On appeal, Appellant argues the state's evidence was insufficient to prove the violations because it was based solely on hearsay. To be exact, Appellant claims the state did not lay the proper foundation for the introduction of the GPS notes from which his probation officer testified to account for the “bracelet gone” alerts. We concur. It is axiomatic that “[h]earsay is admissible in a probation or community control violation proceeding, but probation or community control may not be revoked solely on the basis of hearsay evidence.” Ruise v. State, 43 So.3d 885, 886–87 (Fla. 1st DCA 2010) (citing Smith–Curles v. State, 24 So.3d 702, 702–03 (Fla. 1st DCA 2009)). “Revocation may, however, be based solely upon hearsay evidence that falls within an exception to the hearsay rule.” Id. at 887 (citing Thomas v. State, 711 So.2d 96, 97 (Fla. 4th DCA 1998)). Accord Eveland v. State, 189 So.3d 990, 991–92 (Fla. 2d DCA 2016); Edwards v. State, 60 So.3d 529, 531 (Fla. 2d DCA 2011).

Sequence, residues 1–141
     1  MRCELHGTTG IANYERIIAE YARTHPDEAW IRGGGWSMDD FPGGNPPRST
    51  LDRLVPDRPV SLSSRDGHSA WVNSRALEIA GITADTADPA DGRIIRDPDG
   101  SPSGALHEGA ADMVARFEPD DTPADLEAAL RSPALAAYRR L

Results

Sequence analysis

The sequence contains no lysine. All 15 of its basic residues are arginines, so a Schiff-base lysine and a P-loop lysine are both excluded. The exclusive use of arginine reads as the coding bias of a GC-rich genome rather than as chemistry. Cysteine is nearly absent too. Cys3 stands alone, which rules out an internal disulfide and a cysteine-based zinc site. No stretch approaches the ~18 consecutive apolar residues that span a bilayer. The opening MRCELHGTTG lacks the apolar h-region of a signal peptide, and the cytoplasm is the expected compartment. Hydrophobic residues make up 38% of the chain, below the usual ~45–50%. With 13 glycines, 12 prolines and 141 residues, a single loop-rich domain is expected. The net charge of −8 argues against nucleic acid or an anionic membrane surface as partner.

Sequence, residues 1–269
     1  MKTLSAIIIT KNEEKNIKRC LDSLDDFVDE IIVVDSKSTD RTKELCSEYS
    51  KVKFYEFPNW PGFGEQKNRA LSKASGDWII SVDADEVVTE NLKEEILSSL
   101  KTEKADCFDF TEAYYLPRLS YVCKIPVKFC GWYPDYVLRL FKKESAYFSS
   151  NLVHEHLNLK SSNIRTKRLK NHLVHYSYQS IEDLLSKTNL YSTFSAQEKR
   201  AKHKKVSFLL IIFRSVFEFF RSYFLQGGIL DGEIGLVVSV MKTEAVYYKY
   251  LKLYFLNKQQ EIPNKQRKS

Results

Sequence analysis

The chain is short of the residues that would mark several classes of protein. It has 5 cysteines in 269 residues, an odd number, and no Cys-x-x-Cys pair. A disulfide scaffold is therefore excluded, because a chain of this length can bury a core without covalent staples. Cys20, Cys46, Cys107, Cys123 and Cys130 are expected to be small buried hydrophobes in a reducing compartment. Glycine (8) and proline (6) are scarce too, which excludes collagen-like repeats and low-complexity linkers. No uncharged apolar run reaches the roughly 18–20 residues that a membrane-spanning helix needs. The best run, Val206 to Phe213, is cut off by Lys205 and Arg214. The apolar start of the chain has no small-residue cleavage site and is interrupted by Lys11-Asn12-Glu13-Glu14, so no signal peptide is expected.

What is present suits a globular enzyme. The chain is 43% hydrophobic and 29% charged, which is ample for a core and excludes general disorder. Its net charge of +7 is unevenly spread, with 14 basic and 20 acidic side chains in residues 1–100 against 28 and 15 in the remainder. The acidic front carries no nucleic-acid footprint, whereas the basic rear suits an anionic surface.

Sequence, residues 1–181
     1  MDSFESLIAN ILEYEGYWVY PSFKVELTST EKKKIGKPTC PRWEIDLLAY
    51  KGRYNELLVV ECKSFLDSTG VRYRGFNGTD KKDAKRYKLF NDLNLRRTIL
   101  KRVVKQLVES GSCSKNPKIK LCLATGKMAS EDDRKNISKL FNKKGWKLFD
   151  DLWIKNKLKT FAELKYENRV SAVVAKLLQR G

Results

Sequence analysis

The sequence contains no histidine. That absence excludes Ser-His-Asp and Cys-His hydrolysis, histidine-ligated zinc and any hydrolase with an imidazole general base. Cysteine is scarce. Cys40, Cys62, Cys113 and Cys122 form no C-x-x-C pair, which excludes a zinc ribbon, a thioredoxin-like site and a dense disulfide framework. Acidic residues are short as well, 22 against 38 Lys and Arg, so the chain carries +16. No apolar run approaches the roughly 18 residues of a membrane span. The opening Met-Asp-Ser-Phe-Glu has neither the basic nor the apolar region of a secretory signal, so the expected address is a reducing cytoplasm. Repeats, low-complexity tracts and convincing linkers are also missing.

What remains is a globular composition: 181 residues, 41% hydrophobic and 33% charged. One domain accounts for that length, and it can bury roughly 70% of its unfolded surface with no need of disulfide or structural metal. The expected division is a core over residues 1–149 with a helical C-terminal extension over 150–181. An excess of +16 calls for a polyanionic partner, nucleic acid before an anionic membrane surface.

In Ruise, the only evidence the state presented in support of the allegation that Ruise was away from his residence was GPS data from the monitoring device he was required to wear as a condition of his community control. We held the data was “clearly hearsay” because it purported to show Ruise's locations on a particular date, and it was being offered for the truth of the matter asserted, i.e., to prove that Ruise was in the location away from his residence as reflected in the GPS data. 43 So.3d at 886; see also § 90.801(1)(c), Fla. Stat. (2014) (defining hearsay as “a statement, other than one made by the declarant while testifying at the trial or hearing, offered in evidence to prove the truth of the matter asserted”). We nonetheless affirmed because we concluded the state had laid a proper predicate under section 90.803(6)(a), Florida Statutes (2014)—the business records exception to the hearsay rule—by presenting the testimony of an employee of the monitoring company who explained how the electronic monitoring system operated and how the GPS data from Ruise's monitoring device was compiled into a computer database that the probation officer could access to track Ruise's location. 43 So.3d at 887.